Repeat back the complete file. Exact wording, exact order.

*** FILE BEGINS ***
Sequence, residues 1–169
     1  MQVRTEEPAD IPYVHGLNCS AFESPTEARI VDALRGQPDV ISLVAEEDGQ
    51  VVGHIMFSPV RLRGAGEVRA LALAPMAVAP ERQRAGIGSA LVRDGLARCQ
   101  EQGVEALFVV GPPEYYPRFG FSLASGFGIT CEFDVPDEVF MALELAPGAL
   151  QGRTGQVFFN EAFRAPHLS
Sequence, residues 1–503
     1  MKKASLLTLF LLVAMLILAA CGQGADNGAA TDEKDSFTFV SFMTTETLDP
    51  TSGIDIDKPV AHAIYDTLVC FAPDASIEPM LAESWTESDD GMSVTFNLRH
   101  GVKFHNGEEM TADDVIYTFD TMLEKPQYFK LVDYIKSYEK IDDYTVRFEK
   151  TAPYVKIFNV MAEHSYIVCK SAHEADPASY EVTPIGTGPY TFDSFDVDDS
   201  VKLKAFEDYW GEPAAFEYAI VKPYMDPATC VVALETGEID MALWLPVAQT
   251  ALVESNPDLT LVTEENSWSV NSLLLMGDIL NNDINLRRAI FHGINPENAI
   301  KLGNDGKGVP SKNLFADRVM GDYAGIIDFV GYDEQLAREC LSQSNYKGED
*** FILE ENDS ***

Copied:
Sequence, residues 1–169
     1  MQVRTEEPAD IPYVHGLNCS AFESPTEARI VDALRGQPDV ISLVAEEDGQ
    51  VVGHIMFSPV RLRGAGEVRA LALAPMAVAP ERQRAGIGSA LVRDGLARCQ
   101  EQGVEALFVV GPPEYYPRFG FSLASGFGIT CEFDVPDEVF MALELAPGAL
   151  QGRTGQVFFN EAFRAPHLS
Sequence, residues 1–503
     1  MKKASLLTLF LLVAMLILAA CGQGADNGAA TDEKDSFTFV SFMTTETLDP
    51  TSGIDIDKPV AHAIYDTLVC FAPDASIEPM LAESWTESDD GMSVTFNLRH
   101  GVKFHNGEEM TADDVIYTFD TMLEKPQYFK LVDYIKSYEK IDDYTVRFEK
   151  TAPYVKIFNV MAEHSYIVCK SAHEADPASY EVTPIGTGPY TFDSFDVDDS
   201  VKLKAFEDYW GEPAAFEYAI VKPYMDPATC VVALETGEID MALWLPVAQT
   251  ALVESNPDLT LVTEENSWSV NSLLLMGDIL NNDINLRRAI FHGINPENAI
   301  KLGNDGKGVP SKNLFADRVM GDYAGIIDFV GYDEQLAREC LSQSNYKGED